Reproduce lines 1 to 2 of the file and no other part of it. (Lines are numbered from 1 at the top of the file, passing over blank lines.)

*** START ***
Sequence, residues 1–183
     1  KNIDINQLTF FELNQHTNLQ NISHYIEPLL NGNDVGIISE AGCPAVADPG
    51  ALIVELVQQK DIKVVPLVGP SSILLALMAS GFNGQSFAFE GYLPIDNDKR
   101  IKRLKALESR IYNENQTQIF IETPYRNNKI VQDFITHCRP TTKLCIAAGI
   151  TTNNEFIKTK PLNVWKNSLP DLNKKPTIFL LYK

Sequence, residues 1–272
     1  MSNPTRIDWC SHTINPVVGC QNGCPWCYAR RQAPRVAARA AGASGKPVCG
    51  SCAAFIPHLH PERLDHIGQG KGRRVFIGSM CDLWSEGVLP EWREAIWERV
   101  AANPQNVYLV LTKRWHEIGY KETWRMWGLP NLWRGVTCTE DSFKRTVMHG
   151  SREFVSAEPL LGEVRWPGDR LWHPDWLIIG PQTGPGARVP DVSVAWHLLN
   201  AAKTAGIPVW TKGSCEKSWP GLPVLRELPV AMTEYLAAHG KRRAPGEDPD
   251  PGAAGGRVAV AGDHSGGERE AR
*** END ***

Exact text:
Sequence, residues 1–183
     1  KNIDINQLTF FELNQHTNLQ NISHYIEPLL NGNDVGIISE AGCPAVADPG